Furiosa is set for a grandiose solo return to the big screen… just not Charlize Theron’s portrayal of the post-apocalyptic warrior woman who stole the show in 2015’s Mad Max: Fury Road, according to franchise mastermind George Miller.
In a bit of news that essentially verifies what previous reports have come to accept, Miller, in an interview with The New York Times, confirms that his mooted prequel movie centered on Fury Road standout character Furiosa is in the works, having settled a highly-publicized legal dispute with Warner Bros. However, said sequel will not see a role reprisal by Theron. Thus, Miller’s revelation definitively quells the long-held rumor that the prequel project would utilize digital de-aging technology (à la Netflix’s The Irishman or Star Wars entries The Rise of Skywalker and Rogue One,) to make Theron about twenty years younger onscreen.
As Miller states of his nixing of the CGI idea:
“For the longest time, I thought we could just use CG de-aging on Charlize, but I don’t think we’re nearly there yet.”
Miller also confirms that the Furiosa prequel film is a prominent part of his backlog. However, he won’t get to tackle the prequel until after he’s completed a different written/directorial effort in fantasy film Three Thousand Years of Longing, which stars Idris Elba opposite Tilda Swinton. Yet, like everything else, that project is locked in pre-production stasis, left at the quagmire mercy of the COVID-19 pandemic, after it was scheduled to shoot this spring.
As Miller explains of Furiosa’s backburner status:
“So, after we finish [Three Thousand Years of Longing], and hopefully everything settles down with the pandemic, we’ll see what the world allows us to do with Furiosa.”
However, as mentioned, he won’t be doing anything with Theron, who originated the role. While the actress—who is 44 and was 36 at the time principal photography commenced on Fury Road in 2012—could still feasibly pull off a reprisal set in the years that immediately preceded the film, Miller’s prequel project will portray Furiosa’s early exploits, set decades before she came across Tom Hardy’s Mad Max, evidenced by Miller’s search for a new starring actress in her 20s. While the director didn’t get into any specifics regarding actresses in the running for the role, the confirmation does validate the context of a recent report of rising star Anya Taylor-Joy’s audition for the coveted part (which she put in via Skype, for obvious reasons).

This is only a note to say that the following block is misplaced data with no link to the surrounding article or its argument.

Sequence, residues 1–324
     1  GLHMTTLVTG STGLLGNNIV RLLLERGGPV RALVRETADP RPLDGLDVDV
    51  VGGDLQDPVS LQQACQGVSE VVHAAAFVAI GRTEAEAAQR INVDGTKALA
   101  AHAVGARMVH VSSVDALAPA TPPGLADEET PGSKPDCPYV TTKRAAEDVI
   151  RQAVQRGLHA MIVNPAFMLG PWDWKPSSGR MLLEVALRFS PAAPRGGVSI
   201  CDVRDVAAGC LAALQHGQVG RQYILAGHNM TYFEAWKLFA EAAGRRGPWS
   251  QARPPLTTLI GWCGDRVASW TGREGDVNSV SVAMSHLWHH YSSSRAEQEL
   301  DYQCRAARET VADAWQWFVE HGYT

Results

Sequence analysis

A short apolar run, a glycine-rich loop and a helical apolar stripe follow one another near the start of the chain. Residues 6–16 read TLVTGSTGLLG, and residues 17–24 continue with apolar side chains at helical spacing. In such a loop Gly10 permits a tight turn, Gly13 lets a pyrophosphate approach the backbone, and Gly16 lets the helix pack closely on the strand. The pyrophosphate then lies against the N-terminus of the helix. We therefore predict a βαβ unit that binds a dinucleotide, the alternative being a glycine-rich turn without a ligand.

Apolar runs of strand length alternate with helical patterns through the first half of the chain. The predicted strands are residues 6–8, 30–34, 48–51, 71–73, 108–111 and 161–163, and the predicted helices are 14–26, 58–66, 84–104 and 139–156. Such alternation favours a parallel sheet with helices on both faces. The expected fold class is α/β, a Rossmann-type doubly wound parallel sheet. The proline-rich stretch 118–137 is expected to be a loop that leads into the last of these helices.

Interestingly enough, the story at the center of the script for the Furiosa prequel was spun concurrently with the production of Fury Road; a benefit from the film’s years in developmental purgatory—after it was initially greenlit in 2003—giving Miller and co-writer Nick Lathouris time to flesh out the pathos of the Furiosa character with a secondary screenplay for Theron to digest by the time cameras finally started rolling in the Namibia desert in 2012. Pertinently, the NYT interview cites a comment from actress Rosie Huntington-Whiteley, who played Splendid—one of the “wives” Furiosa liberated in Fury Road—who revealed, “I got to read [the Furiosa script] when I was cast. It’s genius. I’ve always wondered if that movie’s going to get made.”
While specifics on said Furiosa script are scarce in the public ether, there is plenty of backstory to use, even based on what was covered in Fury Road, notably the character’s history of hailing from roving matriarchal warrior tribe the Vuvalini. Yet, Furiosa’s arc will inevitably land under the specter of warlord Immortan Joe (Hugh Keays-Byrne), who she served as Imperator (a captain,) in his belligerently eccentric band of paramilitary scavengers until going rogue in Fury Road’s inciting incident. Also, with one of Furiosa’s defining attributes being a menacing, robotic-looking prosthetic arm, we are more than likely set to see how she lost that limb. Moreover, the prequel might end up even bigger in scale than Fury Road, which returning production designer Colin Gibson revealed only showed 88 of 135 vehicles made for the film, promising even more this time.
For now, fans will have to wait even longer than they expected for the Furiosa prequel film. Yet, the film will still likely ride belated momentum from the 2015 success of Fury Road, which may have been a modest hit financially with a $375 million worldwide gross (off a budget of $150 million), but reaped widespread acclaim as a modern classic, along with awards season accolades in 2016 with six Oscar wins—in visual categories—off its 10 nominations.